Card-issuing financial institutions (FIs) have numerous stakeholders to protect when facilitating online transactions, as they must keep cardholders safe from criminal schemes while simultaneously defending merchants from shoppers who may be conducting friendly fraud. Issuers safeguard customers by detecting and thwarting bad actors’ attempts to use stolen details online as well as allowing consumers to file chargebacks should fraudsters manage to slip through and make illegitimate purchases.
These protections enable customers to recoup funds lost in wrongful transactions, but consumers sometimes file claims on purchases they actually made. This means FIs must be able to distinguish genuine chargebacks from unwarranted ones to ensure that retailers are not unfairly harmed.
The stakes can be high, too. Issuers need to offer consumers quick relief if they become eCommerce fraud victims, and those failing to do so may risk seeing customers pull other FIs’ cards to the top of their wallets. Banks and credit unions cannot simply take customers at their word without investigating, however, as rubber-stamping chargeback claims can put merchants in painful situations if they are compelled to refund legitimate transactions.
Reliably filtering friendly fraud- from criminal misconduct thus depends on strong communication and deep customer insights, Mohamad Tayba, senior manager of fraud at Alliant Credit Union, said in a recent PYMNTS interview. He explained how FIs can use everything from old-fashioned phone calls to streamlined digital communication tools and AI-powered behavioral analysis to keep customers and merchants safe.
Friendly fraud occurs for many reasons. Unscrupulous customers sometimes try to cheat the system, but often it occurs when shoppers are simply confused about their receipts. They may fail to recognize billers’ names or be unaware of orders placed by family members, Tayba said. FIs’ staff can usually reach out to customers to address such issues, although they may wish to leverage data analytics tools first to determine more about the chargebacks they are examining.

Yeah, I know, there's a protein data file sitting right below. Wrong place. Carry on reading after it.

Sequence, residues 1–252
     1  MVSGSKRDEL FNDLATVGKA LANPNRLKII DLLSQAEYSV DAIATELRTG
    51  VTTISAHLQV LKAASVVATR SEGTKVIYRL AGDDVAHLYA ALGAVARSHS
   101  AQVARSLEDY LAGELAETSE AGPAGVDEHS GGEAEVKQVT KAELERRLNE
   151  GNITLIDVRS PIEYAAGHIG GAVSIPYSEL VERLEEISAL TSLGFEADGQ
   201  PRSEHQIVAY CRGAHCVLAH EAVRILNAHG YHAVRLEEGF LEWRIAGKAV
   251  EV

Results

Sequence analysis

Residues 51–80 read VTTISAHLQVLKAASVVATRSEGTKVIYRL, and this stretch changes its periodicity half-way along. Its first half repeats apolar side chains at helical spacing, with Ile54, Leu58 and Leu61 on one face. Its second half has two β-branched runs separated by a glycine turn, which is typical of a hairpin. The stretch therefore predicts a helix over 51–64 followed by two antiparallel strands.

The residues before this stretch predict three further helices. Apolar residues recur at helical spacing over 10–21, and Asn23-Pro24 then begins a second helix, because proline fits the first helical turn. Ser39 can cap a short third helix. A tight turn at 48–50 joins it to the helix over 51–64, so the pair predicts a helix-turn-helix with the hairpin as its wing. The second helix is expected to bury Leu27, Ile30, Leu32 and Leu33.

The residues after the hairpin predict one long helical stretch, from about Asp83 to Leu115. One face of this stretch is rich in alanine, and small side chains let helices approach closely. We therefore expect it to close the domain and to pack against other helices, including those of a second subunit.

FIs that firmly understand customers’ card-purchasing histories and patterns can better assess whether contested transactions match their typical behaviors. Issuers that spot unusual details or activities suggesting foul play could determine that chargebacks are justified, but transactions that appear normal could warrant reaching out to cardholders to jog their memories and ultimately result in erroneous claims being dropped.
“There are factors out there that will give you an idea that, ‘Hey, this may be a falsified claim,’” Tayba said. “One thing Alliant Credit Union did is really invest in our own data scientists, artificial intelligence [and] predictive analytics. … We’ve been creating strategies around the behaviors of our members [and] what they’re doing around the claims: When are they filing claims? What are the transactions that they’ve been [making] with the credit card?”
FIs are also privy to details about how their customers typically engage online, such as which devices and IP addresses they normally use to access issuers’ digital platforms. FIs can check whether chargebacks have been filed from those same devices and IP addresses, enabling them to make more informed decisions about whether to investigate claims or contact customers to clear up confusion surrounding orders.
“Sometimes the member tells us, ‘Oh, yeah, I misunderstood what the transaction said, and that’s definitely me,’” Tayba said. “Sometimes we say, ‘Hey, your computer may have malware on it because it is the same computer that you [tend to] use, but it is definitely a fraudulent transaction.’”
Developing deep insights into how contested purchases fit customers’ transaction histories and usual online activities can help FIs better conclude what may have transpired.
Communication And Confirmation
Tayba said communication is often key to clearing up friendly fraud cases as well as thwarting criminal activities that would warrant chargebacks. Issuers can text customers to confirm suspicious-seeming purchases that have been flagged by their AI-powered fraud detection systems, for example, or they could call consumers to discuss chargebacks that do get filed. The flow of information should not be between just FIs and their cardholders, either — issuers must also contact retailers to understand what took place.
“We review our fraud claims, [and] sometimes [the strategy] is as simple as picking up a phone and getting some information from the merchant,” he said.
Tayba said that FIs should also seek out offerings that can provide even faster flows of information. One especially promising digital tool allows customers and issuers to query merchants about transactions before cardholders file chargebacks. Such an approach can enable customers to get clarification about unrecognized purchases, heading off unwarranted claims and lengthy investigations. Direct discussion with merchants can help shoppers determine whether they had simply forgotten that they placed orders or whether the transactions were fraudulent.
Protecting merchants and consumers by accurately assessing chargebacks can be difficult work. Blending robust data analysis with open communication can ease these challenges, however, and lead to safer card transactions for all involved parties.